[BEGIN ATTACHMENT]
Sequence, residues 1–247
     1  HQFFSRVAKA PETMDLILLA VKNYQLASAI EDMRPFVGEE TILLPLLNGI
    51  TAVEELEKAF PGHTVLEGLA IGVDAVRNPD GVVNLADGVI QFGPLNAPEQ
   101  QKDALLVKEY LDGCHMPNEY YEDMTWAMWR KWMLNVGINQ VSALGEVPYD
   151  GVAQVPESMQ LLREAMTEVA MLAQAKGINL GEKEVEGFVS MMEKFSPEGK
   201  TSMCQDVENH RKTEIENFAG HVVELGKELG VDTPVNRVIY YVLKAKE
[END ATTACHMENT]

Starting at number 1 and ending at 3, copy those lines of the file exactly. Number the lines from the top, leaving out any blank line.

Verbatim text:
Sequence, residues 1–247
     1  HQFFSRVAKA PETMDLILLA VKNYQLASAI EDMRPFVGEE TILLPLLNGI
    51  TAVEELEKAF PGHTVLEGLA IGVDAVRNPD GVVNLADGVI QFGPLNAPEQ